It's time we look at the golden age of gaming, back to a time when children would crowd around a TV screen and get frustrated at how tough Ninja Gaiden and Mega Man were. Many developers and publishers were hoping to try and recreate the widespread success of the original Super Mario Bros. throughout the mid-to-late 1980s. As a result, many of the earlier platforming games of the NES library simply tried replicating the Super Mario formula. Some were decent, and some where horrible. Luckily, developers started refining their trade over the years, learning to enhance what worked and eliminate what didn't in order to provide some quality platforming experiences. Now, it’s time we look back at the best of the best when it comes to jumping around on the Nintendo Entertainment System.
Equip your Materia, forge some Rune, equip your favorite giant sword and unleash your Mitochondria as we quest through the 10 Best PlayStation RPGs.
Fifteen years ago, Square released its ninth Final Fantasy game in North America. It's time we look back at this stellar and criminally overlooked classic of the franchise. Square may have developed Final Fantasy IX alongside Final Fantasy VIII, but the two were quite different. While the emo Squall, Quistis and the rest of the time-travelling SeeDs had more realistic designs, the characters and world of Final Fantasy IX stayed in line with the more traditional art style of Final Fantasy's disproportionate body types. Sure, Squall's crew was more realistic-looking than the blocky, deformed models in Zidane and Cloud's posses, but that doesn't mean that Final Fantasy VIII or even Final Fantasy XII were better games just because their characters were "normal"-looking.
Twenty years ago, Sony and SingleTrac released their first entry in the gun-toting destruction derby and vehicular combat series, Twisted Metal. It's time we look back at the octane-fueled mayhem of Twisted Metal and the large influence the original game had in putting the first PlayStation console on the map.
As the world is waiting for Daniel Craig to return to the suit and play our favorite martini-swigging, dame-slaying and bad guy-shooting special agent in Spectre, it's time we look back at 007's 10 best games in order to rank our favorite James Bond missions. As with most license-based franchises, the James Bond series has had its fair share of clunkers over the years, and the good 007 games out there are vastly outnumbered by the mediocre ones. Luckily, a few of them have beaten the curse of licensed games and established themselves as excellent titles in their own right.
The Super Nintendo Entertainment System spawned some of the greatest role-playing games ever made. The 16-bit RPGs created during the early '90s helped the genre grow beyond its niche audiences and expand into a broader fanbase. The widespread success of The Legend of Zelda: A Link to the Past (which we're not including in this list since we're classifying it as an action-adventure game) inspired a lot of action-RPGs in terms of top-down gameplay that didn't rely on turn-based combat.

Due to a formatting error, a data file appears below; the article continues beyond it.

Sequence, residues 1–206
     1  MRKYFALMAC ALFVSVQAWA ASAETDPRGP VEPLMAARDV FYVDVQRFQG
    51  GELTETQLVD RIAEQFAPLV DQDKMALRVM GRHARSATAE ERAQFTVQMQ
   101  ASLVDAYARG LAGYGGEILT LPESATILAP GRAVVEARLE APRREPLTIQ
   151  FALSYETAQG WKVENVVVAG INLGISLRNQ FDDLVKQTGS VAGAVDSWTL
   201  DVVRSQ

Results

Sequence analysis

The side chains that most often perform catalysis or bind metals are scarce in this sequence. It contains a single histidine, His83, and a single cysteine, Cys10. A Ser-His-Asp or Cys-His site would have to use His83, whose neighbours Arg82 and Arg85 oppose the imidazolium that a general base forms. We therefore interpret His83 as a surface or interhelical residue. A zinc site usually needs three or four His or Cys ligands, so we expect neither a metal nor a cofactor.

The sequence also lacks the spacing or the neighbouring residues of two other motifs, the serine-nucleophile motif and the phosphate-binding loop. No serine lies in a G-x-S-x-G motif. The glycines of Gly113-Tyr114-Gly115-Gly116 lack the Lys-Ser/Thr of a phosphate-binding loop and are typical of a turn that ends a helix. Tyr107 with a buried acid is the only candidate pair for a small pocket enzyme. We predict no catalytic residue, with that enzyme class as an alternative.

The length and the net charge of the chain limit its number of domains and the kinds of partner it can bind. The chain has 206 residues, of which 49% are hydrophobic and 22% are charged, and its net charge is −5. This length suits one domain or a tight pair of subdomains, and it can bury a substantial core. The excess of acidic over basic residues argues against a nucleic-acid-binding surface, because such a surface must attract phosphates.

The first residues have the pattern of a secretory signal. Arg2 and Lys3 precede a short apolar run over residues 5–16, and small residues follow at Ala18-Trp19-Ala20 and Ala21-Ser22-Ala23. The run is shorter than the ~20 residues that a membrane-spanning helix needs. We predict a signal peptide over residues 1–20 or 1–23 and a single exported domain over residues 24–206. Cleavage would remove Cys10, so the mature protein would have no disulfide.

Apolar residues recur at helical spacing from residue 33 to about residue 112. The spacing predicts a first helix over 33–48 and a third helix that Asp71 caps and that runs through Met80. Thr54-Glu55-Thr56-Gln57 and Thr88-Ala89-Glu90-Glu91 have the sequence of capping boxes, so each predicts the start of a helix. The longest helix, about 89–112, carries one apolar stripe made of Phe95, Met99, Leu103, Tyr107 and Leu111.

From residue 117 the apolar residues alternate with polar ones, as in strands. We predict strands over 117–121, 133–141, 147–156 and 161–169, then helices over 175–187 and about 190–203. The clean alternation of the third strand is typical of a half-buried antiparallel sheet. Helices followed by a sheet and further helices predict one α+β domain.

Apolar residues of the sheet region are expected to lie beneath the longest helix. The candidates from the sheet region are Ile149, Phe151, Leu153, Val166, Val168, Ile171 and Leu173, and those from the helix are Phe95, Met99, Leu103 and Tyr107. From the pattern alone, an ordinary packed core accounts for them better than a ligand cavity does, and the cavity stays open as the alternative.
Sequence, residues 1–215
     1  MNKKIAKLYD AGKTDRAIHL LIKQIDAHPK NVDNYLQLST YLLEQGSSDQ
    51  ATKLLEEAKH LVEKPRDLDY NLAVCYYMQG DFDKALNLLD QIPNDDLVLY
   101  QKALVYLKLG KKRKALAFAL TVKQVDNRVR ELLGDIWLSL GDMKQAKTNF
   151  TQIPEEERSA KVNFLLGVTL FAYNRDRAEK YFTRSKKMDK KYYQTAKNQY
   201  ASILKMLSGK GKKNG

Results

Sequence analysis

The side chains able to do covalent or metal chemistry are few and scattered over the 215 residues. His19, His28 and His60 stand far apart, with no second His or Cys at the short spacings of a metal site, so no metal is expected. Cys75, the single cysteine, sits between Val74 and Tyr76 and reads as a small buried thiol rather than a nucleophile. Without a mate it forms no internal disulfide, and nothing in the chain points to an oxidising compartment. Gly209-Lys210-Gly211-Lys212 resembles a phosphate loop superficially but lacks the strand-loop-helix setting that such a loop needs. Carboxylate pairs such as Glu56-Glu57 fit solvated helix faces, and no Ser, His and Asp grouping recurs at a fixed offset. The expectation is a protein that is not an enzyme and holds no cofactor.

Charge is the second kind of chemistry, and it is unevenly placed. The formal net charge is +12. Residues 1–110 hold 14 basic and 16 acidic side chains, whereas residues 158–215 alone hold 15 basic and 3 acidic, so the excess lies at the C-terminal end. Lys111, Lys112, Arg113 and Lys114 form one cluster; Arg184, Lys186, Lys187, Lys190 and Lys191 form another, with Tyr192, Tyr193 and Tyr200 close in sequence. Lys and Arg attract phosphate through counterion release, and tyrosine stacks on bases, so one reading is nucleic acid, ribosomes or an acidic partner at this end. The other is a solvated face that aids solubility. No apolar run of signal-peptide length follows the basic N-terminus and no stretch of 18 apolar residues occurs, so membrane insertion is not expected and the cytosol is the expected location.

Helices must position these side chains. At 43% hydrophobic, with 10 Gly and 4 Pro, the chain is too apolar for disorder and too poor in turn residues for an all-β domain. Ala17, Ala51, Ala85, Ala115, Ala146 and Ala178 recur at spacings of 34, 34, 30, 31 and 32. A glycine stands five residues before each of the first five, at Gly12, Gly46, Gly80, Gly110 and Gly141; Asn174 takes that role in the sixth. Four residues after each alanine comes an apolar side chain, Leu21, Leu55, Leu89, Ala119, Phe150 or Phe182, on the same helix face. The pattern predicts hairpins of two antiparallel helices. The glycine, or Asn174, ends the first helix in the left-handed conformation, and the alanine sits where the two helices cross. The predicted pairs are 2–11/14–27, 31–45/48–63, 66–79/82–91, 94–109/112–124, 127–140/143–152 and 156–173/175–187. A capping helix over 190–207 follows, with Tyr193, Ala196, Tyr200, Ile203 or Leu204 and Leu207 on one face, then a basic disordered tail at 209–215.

We've seen countless classics known for side-scrolling and 2D gaming fail to make the jump to 3D over the years. The success of Final Fantasy VII, Super Mario 64 and The Legend of Zelda: Ocarina of Time left numerous studios and publishers experimenting and trying to shoehorn their famous franchises into some kind of 3D game to try and recreate the success that those games had. Unfortunately, not every major video game series was able to properly make the transition to 3D and abandon its top-down or side-scrolling roots.
Many of the games listed here on the 10 Best NES RPGs were either advanced ports of or heavily inspired by the CRPGs of the early-to-mid 1980s. Many of these Nintendo Entertainment System/Famicom role-playing games would go on to become more popular than the games that inspired them, but this was a pivotal point in time where the gaming scene started to change. Nintendo started to become the dominant hardware developer in terms of home gaming, and the RPG genre started to trickle its way onto the NES. Unfortunately, not every RPG that was made in Japan was able to cross the pond to the United States and vice-versa.
It's time to reminiscence about the company's first game that made us want to pull our hair out, Duck Hunt, and it certainly wouldn't be the last.
That’s right, to celebrate Halloween, we’re journeying back to Dracula’s castle and exploring the best frights he has to offer. Of course, you can’t have Castlevania without the Belmont family running around trying to stop Dracula's evil from spreading. Be ready to whip some candles for hearts and to throw boomerang-like crosses at skeletons, because Castlevania has returned. Dracula always resurrects himself somehow, and it's time we revisit Count Vlad to conquer the best and worst 2D entries this series has to offer.